Schlumberger Seen as Only Oil Servicer Surviving Margin Dropby
Major oil companies said looking to standardize equipment
Global energy industry cut spending by $100 billion last year
Oil company earnings are expected to be so grim that only the biggest of the big service providers will keep its head above water.
When Schlumberger Ltd. kicks off the reporting for fourth-quarter earnings in the U.S. oil patch Thursday, it may be the only one of its peers that turned a profit in North America, said James West, an analyst at Evercore ISI in New York. The world’s largest oil-services provider is expected to report total company earnings, excluding certain items, of 63 cents a share, according to the average of 37 analyst estimates compiled by Bloomberg. That would be a drop of more than half from a year earlier.
"The tone overall is going to be pretty somber, pretty negative," Rob Desai, an analyst at Edward Jones in St. Louis, said Wednesday by phone. "Commodity prices tanked even more, which wasn’t really expected. The cost structure is something that may have to be addressed."
The global energy industry slashed more than $100 billion in spending and 250,000 jobs last year to keep pace with crude prices that have fallen by 75 percent since June 2014. Explorers and producers are expected to cut spending another 15 percent this year to $444 billion, J. David Anderson, an analyst at Barclays Plc, wrote last week in a note to investors. It’s the first "double dip" spending drop since 1986 and 1987, according to the note.
Schlumberger rose 1.5 percent to $61.99 at 10:48 a.m. Thursday in New York.
The contractors that provide the services for mapping underground pockets of oil, operating the drilling rigs and building the gear to smash the rock and pump the crude from two miles underground have been hit the hardest and were the first to feel the pain 18 months ago. Now it appears their customers will ask more of them. That probably shrank Schlumberger’s margin to 6.4 percent from 8.9 percent in the third quarter, according to Luke Lemoine, an analyst at Capital One Southcoast in New Orleans.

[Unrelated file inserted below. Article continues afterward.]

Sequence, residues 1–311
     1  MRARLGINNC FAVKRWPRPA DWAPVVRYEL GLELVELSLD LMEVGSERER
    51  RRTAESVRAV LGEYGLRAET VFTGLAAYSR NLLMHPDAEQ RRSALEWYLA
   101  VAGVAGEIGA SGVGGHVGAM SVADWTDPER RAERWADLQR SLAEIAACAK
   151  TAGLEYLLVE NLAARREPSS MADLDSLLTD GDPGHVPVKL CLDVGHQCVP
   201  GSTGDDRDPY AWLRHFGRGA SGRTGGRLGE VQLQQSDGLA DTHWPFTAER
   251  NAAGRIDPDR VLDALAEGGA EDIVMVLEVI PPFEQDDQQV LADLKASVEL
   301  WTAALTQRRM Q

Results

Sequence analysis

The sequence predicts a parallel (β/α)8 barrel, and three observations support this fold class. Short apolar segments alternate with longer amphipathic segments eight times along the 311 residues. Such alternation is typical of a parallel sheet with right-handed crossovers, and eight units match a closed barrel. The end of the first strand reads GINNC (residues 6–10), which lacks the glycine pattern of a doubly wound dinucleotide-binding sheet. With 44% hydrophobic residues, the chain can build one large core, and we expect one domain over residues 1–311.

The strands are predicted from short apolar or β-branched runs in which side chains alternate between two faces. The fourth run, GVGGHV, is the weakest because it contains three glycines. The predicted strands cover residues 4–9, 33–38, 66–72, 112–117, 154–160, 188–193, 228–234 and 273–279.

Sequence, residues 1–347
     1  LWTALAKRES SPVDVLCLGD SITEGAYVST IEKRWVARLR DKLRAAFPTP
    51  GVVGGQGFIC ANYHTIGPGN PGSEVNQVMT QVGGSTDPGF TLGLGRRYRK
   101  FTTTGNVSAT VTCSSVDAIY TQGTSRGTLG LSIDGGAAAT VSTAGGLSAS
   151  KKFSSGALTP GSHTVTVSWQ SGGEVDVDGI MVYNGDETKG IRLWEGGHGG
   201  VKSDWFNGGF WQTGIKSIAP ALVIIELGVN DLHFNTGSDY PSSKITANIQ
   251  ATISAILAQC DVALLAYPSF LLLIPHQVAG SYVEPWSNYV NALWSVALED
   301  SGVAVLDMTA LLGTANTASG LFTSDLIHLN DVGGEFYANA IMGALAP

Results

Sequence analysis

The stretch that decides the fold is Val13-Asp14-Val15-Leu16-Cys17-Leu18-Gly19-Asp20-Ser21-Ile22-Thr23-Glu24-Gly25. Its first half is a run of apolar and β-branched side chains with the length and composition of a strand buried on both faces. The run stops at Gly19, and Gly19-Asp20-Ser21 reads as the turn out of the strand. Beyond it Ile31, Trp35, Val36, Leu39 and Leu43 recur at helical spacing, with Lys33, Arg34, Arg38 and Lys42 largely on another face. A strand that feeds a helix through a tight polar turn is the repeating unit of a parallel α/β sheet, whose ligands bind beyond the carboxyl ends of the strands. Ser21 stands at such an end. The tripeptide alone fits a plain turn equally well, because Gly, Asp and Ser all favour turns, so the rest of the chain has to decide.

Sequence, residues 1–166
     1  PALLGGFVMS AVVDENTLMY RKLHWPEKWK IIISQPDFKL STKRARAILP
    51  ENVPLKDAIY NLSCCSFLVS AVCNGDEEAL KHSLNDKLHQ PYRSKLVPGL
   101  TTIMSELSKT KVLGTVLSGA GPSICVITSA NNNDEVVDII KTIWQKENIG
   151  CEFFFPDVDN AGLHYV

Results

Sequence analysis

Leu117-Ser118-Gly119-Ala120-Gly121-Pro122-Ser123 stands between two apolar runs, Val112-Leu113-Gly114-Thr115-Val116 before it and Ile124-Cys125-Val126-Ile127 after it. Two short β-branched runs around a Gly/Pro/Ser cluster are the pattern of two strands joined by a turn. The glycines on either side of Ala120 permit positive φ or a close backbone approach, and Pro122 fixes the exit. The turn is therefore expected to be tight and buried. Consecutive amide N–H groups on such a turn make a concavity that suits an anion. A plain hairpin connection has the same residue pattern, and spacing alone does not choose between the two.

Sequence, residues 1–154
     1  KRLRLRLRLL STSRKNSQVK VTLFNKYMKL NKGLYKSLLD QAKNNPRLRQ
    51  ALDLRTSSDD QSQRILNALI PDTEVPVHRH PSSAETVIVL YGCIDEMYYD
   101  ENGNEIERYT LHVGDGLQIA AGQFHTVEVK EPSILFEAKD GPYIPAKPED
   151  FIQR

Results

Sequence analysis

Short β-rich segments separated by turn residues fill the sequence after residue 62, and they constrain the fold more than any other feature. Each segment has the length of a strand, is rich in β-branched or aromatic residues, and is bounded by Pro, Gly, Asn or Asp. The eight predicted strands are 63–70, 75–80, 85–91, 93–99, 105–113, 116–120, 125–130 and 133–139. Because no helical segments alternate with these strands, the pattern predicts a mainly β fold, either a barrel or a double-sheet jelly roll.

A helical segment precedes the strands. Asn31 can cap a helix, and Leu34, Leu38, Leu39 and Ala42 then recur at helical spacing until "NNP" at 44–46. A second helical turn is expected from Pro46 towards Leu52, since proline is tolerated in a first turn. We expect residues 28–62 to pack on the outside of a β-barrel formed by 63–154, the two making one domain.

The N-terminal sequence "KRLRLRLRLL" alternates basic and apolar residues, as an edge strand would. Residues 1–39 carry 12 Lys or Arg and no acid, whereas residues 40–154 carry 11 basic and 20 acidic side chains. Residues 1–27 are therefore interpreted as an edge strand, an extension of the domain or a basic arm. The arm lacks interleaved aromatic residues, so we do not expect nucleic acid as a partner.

The world’s largest oil companies, grappling with the lowest crude prices in 12 years, met behind closed doors at Davos in a push to cut costs by standardizing some of the equipment used in exploration and production, according to two people who attended.
The meeting, attended by the heads of Saudi Aramco, BP Plc, Statoil ASA and Repsol SpA, as well as senior executives from Royal Dutch Shell Plc, Total SA and Chevron Corp., is the latest sign the industry is moving away from the bespoke kit designed on a project-by-project basis that seemed affordable during the decade-long boom in prices.
While standardization is going to become a much bigger topic for sparking activity at a lower cost, crude prices at this level are still well below breakeven for almost all oil projects around the world, West said.
Halliburton Co. is expected to report on Jan. 24 earnings of 24 cents, according to an average of 35 analyst estimates compiled by Bloomberg. The world’s second-largest services provider is looking to gain regulatory approval around the world for its bid to buy the No. 3 contractor Baker Hughes Inc. Houston-based Baker Hughes is expected to report a loss of 10 cents, excluding certain items, according to the average of 31 analyst estimates compiled by Bloomberg.
While the topic of standardization may grow among the service providers, it’s not exactly something they’re embracing, Desai said.
"The way they generate value for their shareholders is to have their own products that are a little more specialized," he said. "I don’t think they’ll be too positive on standardization, but to some extent we probably will see that."